So which plants should you fertilize with instant coffee?
Which Plants to Fertilize with Instant Coffee?
The main use of coffee for plants is to make the soil more acidic. It does contain essential nutrients, but that doesn’t make coffee gardener’s first choice for nutrient deficiencies. When considering the use of instant coffee as a fertilizer, it’s wise to focus on specific plant types that could potentially benefit the most. Acid-loving plants, such as azaleas, rhododendrons, and camellias, thrive in slightly acidic soils, making them excellent candidates.
Since these plants grow in acidic soil, making the soil even more acidic than recommended won’t cause much harm.
Secondly, you can take advantage of how nitrogen-rich coffee is. It may provide a boost to leafy greens like lettuce, spinach, and kale, contributing to their growth. Herbs such as basil, mint, and parsley, which often rely on healthy foliage for optimal flavor and aroma, might also respond positively to the nutrient content found in instant coffee.
However, for these types of plants, it’s important to approach with caution and moderation. For instance, spinach does the best in neutral or more alkaline soil, up to 8 pH, and introducing coffee with a pH of about 5 to the soil can throw off the balance.
The rule here is simple. Before using coffee in your garden as a fertilizer, search whether your plant likes an acidic environment or not and start slowly, observing how your plants respond to the addition of instant coffee.
How to use Instant Coffee for Plants
When it comes to using instant coffee for your plants, there are a few methods you can try. But it all starts by brewing a cup of instant coffee as you usually would. You’ll need just a bit of it, so enjoy your beverage and allow the leftover coffee to cool to room temperature.
Next, dilute the cooled coffee with water. For this specific usage, we’re aiming for a weak solution. I would advise using about 1:1.5 mix – mixing 1 cup of brewed coffee with 1.5 cups of plain water.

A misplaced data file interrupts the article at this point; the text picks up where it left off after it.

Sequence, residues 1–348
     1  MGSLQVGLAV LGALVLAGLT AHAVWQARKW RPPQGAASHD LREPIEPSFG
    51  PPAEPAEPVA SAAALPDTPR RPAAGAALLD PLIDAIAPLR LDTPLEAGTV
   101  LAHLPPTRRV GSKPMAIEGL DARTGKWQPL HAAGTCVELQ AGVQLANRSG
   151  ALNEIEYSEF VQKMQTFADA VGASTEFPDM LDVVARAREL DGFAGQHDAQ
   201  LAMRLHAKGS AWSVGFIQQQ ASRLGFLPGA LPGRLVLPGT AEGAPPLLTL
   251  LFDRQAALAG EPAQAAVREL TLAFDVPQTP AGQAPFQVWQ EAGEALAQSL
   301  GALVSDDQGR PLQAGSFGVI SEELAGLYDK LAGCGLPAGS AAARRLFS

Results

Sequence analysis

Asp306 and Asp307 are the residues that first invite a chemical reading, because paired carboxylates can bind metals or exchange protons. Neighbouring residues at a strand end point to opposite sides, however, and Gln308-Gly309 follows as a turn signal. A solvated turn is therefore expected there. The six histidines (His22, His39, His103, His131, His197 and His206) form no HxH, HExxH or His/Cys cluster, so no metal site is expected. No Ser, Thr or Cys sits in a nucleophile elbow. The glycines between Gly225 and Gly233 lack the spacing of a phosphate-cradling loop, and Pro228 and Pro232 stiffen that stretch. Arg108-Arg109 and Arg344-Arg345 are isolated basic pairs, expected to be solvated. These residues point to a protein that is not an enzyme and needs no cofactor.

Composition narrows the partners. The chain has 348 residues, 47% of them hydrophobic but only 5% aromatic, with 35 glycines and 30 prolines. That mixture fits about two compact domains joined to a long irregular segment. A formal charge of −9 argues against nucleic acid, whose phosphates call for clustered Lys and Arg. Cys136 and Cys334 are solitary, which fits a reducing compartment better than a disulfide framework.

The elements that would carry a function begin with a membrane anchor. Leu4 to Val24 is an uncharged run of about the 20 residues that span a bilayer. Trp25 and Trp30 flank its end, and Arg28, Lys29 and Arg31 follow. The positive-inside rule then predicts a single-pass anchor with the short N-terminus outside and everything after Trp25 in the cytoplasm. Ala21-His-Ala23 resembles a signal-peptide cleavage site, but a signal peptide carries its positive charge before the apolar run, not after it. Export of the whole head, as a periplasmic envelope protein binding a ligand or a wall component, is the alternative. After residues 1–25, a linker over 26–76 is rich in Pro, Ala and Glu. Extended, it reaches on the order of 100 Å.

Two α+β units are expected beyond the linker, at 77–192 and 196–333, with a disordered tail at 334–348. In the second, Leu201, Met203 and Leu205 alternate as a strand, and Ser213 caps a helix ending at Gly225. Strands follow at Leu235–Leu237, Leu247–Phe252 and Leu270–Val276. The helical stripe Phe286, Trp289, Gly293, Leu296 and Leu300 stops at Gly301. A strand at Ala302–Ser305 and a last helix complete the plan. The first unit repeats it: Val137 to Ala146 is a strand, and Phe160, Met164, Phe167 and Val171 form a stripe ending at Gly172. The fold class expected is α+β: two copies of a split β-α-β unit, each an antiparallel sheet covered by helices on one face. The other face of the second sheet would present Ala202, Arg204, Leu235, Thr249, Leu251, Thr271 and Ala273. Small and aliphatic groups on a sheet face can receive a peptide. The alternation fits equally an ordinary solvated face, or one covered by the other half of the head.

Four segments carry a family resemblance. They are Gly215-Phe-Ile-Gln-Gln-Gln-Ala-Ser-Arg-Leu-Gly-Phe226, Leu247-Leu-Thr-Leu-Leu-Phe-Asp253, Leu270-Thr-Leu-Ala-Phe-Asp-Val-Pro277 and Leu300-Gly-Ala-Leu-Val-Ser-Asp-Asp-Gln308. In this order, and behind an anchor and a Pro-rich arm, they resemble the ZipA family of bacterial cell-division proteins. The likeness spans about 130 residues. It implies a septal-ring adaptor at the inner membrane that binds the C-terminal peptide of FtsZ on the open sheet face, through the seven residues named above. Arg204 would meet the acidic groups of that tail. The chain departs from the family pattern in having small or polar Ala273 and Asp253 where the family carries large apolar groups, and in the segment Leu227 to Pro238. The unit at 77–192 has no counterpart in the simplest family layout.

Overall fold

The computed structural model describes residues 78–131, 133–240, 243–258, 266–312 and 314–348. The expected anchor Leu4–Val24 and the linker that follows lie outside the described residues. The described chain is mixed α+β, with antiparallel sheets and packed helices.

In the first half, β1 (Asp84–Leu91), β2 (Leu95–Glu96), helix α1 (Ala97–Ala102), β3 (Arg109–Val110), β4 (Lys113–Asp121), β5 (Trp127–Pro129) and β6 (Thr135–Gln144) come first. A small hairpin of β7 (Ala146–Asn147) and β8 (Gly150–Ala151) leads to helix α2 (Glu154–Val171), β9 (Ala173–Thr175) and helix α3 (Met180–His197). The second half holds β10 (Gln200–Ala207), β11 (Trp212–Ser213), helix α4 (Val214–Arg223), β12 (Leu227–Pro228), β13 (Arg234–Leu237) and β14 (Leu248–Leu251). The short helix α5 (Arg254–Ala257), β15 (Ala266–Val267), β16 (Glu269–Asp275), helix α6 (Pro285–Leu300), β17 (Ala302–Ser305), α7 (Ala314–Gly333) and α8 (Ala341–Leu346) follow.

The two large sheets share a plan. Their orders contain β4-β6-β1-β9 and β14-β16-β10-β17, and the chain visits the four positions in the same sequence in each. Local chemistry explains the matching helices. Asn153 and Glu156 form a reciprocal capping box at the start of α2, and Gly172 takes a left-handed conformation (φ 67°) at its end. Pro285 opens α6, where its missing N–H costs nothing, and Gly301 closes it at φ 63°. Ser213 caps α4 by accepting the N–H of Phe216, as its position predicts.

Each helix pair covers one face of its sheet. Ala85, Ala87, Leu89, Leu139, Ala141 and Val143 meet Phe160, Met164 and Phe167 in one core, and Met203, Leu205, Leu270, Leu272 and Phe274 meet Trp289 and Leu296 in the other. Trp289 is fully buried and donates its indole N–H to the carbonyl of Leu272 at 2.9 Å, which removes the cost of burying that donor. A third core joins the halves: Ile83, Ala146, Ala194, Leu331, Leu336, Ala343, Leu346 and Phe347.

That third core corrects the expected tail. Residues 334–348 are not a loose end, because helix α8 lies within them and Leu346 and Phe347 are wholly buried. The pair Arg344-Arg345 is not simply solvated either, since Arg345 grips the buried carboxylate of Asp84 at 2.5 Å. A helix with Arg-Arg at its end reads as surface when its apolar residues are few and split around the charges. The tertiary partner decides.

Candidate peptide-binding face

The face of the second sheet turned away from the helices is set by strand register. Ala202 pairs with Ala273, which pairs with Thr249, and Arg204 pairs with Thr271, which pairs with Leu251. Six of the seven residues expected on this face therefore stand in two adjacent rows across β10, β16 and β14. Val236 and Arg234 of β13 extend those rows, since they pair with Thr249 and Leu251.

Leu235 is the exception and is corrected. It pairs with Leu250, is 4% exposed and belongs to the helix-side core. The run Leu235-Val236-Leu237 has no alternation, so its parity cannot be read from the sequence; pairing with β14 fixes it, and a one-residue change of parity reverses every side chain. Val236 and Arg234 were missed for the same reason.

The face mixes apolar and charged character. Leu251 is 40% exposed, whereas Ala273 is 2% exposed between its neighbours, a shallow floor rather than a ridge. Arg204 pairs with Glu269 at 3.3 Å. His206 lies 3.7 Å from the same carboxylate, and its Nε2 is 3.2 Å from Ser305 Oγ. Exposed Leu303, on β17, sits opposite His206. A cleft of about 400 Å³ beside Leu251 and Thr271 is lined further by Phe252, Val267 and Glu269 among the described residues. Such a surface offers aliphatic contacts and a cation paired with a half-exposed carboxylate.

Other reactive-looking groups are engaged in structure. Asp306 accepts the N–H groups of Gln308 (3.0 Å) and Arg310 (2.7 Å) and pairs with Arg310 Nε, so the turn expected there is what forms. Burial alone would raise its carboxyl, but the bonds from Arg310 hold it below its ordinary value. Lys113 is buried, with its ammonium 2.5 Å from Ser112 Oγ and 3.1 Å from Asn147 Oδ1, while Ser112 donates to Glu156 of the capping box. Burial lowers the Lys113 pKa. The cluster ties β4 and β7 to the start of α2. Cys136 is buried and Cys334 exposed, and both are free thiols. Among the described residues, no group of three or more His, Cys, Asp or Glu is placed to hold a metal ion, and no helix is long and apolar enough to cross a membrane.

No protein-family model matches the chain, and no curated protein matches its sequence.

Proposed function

The diluted coffee solution can then be applied to your plants. You can either use it to water them as you would normally do.
Your second option is to spray it on your plants. This method allows the plant to absorb some of the coffee’s nutrients directly through its leaves. But I would recommend using this method rarely, as spraying too much coffee could potentially clog the stomata of the leaves and hinder the plant’s ability to respire.
Even though it may sound weird at first, yes, even instant coffee is good for plants. Using coffee as a fertilizer comes with two big benefits. Firstly, it’s nitrogen-rich, providing this essential mineral to the plant. And let’s not forget that coffee, whether it’s coffee grounds or instant coffee, is quite acidic – around 5 pH, and can help bring down the acidity of the soil. But having all the nutrients available would be pointless if you just washed away the majority of them. That’s when moisture retention comes into play. One way to retain more moisture in your garden and pots is to add moss. But there’s more to it so make sure to check out my article…